Zone Beads

Zone beads are another pretty large category of polychrome bead, though they only seem to be called zone beads in Asia. Zone beads are any bead with one or more lines around the centre, running perpendicular to the perforation, such that the bead is divided into two halves of equal size. In order for this to work, the line must connect to itself, forming a circle all the way round the bead.

zone bead-4Generally, zone beads consist of a dark core with a light (often white) line running down the centre. Sometimes they have two lines parallel to each other, and on occasion they have three lines, all parallel to each other, and the middle line is a different colour (often red). This basic type are fairly common in the Middle East and South Asia, though some have been found in European regions occupied by the Roman empire.

zone bead-2That being said, if a line dividing the bead into two equally-sized halves is the only criterion, there are many, many other styles of zone bead in the world. In Europe, I’ve seen the typically dark core and lighter line pattern, but the core is a translucent cobalt blue and the line either white or yellow. I have also seen reticella lines dividing the bead. I haven’t really seen these styles outside Europe.

zone bead-5Some zone beads may also have other designs on them, if a single, central dividing line is all that’s required for a zone bead. Sometimes eyes will dot the two halves, or even another line that zigzags or curves between both halves.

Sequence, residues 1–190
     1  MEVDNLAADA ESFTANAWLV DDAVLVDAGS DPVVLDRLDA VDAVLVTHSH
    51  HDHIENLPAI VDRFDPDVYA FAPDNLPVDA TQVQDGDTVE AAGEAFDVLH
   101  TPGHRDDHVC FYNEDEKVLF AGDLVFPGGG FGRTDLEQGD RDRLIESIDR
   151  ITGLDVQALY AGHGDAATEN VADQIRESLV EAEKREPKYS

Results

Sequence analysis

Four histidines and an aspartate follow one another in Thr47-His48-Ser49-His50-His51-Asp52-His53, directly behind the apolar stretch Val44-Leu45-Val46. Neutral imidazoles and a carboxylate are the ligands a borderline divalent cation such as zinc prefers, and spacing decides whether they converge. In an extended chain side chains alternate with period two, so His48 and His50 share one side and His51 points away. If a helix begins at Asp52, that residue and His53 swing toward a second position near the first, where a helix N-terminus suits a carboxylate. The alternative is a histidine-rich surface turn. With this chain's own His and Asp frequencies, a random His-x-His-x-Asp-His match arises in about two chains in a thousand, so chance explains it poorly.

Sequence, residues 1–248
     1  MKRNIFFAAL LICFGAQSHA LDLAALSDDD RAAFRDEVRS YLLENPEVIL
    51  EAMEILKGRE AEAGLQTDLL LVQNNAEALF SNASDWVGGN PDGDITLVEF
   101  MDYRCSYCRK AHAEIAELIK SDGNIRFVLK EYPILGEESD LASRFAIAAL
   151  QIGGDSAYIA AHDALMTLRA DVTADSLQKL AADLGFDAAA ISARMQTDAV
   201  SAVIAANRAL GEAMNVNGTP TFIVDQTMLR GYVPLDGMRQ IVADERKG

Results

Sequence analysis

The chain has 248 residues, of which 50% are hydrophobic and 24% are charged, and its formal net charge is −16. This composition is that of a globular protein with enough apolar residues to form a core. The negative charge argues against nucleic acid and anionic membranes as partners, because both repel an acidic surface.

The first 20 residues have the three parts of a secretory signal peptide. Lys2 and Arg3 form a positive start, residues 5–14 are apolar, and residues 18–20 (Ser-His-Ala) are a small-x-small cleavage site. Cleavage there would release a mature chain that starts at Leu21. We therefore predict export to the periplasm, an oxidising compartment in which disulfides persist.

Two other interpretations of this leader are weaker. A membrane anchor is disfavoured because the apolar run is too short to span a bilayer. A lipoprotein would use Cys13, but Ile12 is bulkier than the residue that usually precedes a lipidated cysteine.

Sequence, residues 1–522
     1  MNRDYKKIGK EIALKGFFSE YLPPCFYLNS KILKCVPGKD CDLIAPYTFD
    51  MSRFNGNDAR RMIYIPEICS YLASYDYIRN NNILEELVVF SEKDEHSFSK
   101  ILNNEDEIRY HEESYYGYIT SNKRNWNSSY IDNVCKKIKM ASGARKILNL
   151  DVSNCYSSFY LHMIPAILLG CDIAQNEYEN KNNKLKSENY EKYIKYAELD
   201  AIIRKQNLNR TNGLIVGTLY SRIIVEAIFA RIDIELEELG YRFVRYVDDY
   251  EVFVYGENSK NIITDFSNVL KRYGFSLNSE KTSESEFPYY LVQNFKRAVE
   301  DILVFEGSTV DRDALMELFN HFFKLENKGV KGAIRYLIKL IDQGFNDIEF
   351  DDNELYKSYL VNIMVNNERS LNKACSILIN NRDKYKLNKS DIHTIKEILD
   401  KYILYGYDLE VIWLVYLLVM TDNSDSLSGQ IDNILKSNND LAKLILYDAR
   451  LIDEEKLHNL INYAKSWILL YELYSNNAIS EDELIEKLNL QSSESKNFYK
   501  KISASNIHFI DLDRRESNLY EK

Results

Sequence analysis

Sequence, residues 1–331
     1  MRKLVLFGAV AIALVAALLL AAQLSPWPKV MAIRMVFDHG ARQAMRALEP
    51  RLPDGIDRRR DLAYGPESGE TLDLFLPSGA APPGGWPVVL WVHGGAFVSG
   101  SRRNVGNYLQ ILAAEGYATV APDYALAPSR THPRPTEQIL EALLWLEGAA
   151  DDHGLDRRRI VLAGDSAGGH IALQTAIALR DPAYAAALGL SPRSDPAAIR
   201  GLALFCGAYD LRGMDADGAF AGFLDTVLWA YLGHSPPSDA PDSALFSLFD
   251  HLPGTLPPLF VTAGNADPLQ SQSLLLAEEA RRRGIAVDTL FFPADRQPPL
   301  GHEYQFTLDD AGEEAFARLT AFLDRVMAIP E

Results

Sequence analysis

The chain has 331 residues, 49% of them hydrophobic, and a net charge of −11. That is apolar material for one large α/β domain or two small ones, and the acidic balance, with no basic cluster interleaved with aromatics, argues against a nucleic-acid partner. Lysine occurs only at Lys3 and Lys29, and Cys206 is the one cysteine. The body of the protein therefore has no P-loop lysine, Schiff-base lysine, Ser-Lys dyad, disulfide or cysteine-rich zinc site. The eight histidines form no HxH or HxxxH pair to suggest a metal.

Some zone beads are though to mimic stone beads, like onyx or agate. Others are clearly not meant to look stone-like. Many are folded, with the glass being arranged beforehand and folded around a metal rod. Some are made by winding the core around a rod, then winding the dividing lines around the core. A few, like the one to the left, are folded and then pierced to create the perforation. The lines, like eyes in eye beads, may be marvered into the core or may sit on top of it, creating a bumpy surface.

Zone beads are fairly common in South Asia, but I honestly haven’t seen very many zone beads outside of South Asia. Some are found in Southeast Asia, some in the Middle East, some in Europe. The type is certainly recognized across Asia and Europe, but the style isn’t nearly as common as eye beads.


About Heather Christie

Heather is an archaeologist, photographer, and writer whose research focuses on beads and bead trade, particularly in a maritime sense. She's currently working working on a PhD in Digital Design (focusing on heritage visualisation) at the Glasgow School of Art.
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